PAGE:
Laude family devastated over Pemberton release

Published September 3, 2020, 11:01 AM

by Jeffrey Damicog

The family of slain transgender Jennifer Laude is devastated upon learning that his killer, United States Marine Joseph Scott Pemberton, is about to be released, their lawyer said today.

Supporters hold up posters of transgender Filipina Jennifer Laude during a protest near the courthouse in Olongapo City, Philippines, on February 23, 2015 (AFP Photo/Noel Celis)

“Devastated ‘yung family (The family is devasted),” said Virginia Lacsa Suarez, the legal counsel of the Laude family, during an interview over CNN Philippines.

“They believe that Pemberton should be serving his sentence,” the lawyer said.

Pemberton, who is detained in Camp Aguinaldo in Quezon City, was convicted in 2015 for the 2014 killing of Jennifer and was sentenced to prison from six to 10 years.

Though Pemberton has paid the Laudes around P4.6 million for civil liability over the death of Jennifer, Suarez said “they believe the payment of the civil liability is distinct and separate from the criminal liability.”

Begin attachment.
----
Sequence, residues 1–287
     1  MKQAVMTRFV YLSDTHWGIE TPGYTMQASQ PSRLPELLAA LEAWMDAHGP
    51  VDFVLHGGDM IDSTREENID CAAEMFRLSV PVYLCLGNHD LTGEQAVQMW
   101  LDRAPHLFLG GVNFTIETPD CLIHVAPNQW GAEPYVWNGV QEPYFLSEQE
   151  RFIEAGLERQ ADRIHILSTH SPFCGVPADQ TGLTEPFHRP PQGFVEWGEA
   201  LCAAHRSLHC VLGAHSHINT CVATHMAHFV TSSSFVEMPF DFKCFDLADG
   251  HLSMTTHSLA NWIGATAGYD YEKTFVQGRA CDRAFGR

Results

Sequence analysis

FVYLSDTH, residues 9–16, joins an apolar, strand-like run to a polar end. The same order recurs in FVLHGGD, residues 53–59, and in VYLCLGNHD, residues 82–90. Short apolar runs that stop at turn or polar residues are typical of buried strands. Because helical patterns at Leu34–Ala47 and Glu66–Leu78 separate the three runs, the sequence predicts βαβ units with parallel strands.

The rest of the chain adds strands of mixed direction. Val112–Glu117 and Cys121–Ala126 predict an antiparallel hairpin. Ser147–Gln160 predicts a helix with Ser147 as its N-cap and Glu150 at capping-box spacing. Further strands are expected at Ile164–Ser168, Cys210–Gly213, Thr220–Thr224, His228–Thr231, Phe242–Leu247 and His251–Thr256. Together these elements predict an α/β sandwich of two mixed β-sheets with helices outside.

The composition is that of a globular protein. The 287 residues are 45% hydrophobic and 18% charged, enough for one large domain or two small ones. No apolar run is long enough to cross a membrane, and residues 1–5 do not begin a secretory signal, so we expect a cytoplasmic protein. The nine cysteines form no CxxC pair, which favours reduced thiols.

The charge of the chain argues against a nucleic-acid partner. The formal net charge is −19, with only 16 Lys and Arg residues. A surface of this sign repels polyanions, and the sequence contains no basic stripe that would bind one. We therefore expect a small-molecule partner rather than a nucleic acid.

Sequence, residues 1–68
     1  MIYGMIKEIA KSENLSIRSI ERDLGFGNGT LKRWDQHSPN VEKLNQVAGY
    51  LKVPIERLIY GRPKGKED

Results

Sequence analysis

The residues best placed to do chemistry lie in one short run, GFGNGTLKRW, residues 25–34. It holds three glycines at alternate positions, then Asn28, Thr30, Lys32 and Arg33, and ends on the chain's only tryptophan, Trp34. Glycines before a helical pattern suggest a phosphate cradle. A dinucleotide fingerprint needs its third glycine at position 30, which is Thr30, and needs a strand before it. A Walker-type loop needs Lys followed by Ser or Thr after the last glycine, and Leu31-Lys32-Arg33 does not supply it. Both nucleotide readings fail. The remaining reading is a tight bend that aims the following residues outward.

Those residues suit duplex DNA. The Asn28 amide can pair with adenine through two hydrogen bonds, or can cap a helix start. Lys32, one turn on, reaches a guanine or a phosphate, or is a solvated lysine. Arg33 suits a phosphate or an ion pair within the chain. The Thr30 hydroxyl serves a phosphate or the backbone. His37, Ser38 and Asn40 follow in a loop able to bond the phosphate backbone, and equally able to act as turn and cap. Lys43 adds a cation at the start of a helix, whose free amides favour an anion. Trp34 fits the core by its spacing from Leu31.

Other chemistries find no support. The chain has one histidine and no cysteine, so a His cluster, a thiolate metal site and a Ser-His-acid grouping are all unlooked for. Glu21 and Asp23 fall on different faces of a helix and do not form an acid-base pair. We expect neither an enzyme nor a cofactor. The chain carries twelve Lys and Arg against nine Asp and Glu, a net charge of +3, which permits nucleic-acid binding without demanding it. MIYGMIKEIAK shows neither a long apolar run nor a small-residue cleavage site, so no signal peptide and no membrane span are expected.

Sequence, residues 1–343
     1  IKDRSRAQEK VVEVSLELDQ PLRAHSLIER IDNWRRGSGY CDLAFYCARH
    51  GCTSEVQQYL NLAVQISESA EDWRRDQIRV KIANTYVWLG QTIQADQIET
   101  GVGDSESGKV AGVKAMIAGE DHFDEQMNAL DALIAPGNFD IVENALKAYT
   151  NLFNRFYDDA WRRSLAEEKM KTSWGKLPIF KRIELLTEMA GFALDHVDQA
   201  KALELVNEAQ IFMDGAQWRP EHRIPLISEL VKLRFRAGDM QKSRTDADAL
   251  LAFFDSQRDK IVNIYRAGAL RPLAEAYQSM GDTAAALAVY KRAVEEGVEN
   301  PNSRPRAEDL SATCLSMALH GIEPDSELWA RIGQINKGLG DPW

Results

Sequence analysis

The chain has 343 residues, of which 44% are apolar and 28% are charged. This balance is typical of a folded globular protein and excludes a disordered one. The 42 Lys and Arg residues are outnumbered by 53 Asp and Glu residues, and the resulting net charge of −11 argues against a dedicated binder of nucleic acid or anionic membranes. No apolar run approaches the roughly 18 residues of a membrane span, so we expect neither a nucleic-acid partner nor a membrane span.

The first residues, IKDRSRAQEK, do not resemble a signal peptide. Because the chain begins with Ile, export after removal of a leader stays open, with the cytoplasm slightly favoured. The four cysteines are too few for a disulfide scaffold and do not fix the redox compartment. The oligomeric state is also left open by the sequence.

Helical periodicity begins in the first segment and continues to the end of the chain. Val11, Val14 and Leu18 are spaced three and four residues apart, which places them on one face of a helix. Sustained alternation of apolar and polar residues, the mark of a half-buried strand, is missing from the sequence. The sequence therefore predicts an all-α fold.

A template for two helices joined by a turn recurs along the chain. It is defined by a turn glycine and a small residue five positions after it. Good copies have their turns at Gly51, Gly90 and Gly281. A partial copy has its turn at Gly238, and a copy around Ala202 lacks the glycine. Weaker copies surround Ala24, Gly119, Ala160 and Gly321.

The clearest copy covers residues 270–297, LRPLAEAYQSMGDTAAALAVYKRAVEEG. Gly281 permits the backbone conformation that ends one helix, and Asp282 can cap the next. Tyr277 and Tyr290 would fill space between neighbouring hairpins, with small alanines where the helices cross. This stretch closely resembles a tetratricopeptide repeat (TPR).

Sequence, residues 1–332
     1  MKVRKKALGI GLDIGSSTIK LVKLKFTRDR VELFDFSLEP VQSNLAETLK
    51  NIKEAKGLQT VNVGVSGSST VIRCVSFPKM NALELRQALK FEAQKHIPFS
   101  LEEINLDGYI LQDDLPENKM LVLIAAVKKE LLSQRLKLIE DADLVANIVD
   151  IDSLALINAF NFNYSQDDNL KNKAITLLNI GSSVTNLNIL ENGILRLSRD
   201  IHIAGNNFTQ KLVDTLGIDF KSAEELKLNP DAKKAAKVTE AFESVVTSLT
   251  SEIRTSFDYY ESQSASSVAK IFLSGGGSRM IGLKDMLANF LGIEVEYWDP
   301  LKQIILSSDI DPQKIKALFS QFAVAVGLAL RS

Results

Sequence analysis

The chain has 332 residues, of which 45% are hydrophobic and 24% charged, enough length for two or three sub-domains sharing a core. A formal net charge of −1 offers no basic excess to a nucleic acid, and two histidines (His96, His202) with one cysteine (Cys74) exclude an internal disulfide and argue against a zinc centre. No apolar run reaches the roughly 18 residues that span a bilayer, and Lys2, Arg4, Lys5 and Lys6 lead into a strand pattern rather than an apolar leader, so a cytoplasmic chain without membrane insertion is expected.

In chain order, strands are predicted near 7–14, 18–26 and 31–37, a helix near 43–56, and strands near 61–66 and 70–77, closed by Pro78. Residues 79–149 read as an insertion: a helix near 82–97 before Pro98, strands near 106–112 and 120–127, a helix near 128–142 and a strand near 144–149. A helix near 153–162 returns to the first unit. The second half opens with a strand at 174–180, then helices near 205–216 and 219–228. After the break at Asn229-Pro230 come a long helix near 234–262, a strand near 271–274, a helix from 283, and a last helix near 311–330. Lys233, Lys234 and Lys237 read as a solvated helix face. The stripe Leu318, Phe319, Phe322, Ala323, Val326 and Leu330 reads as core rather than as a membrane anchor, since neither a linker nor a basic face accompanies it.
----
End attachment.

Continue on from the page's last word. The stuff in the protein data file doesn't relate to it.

“The criminal liability of course means for Pemberton to serve his sentence and barely five years pa lang nakakulong si Pemberton (Pamberton has been detained barely five years),” she said.

Suarez said she only learned last Aug. 26 that Pemberton filed a motion seeking his early release and the Olongapo City Regional Trial Court Branch 72 last Tuesday issued a release order.

She immediately filed that day a motion for reconsideration asking that the Olongapo RTC Branch 72 to recall its release order and have Pemberton serve his remaining sentence.

Suarez said that “the GCTA (Good Conduct Time Allowance) Law is very clear on how good conduct is defined.”

“In fact it mentioned a good conduct is measured by active participation and rehabilitation activities, productive participation in authorized work and exemplarities,” she said.

“There was no certification whatsoever presented to that effect,” she added.

Read more: Laude’s lawyer questions release order of ‘privileged’ Pemberton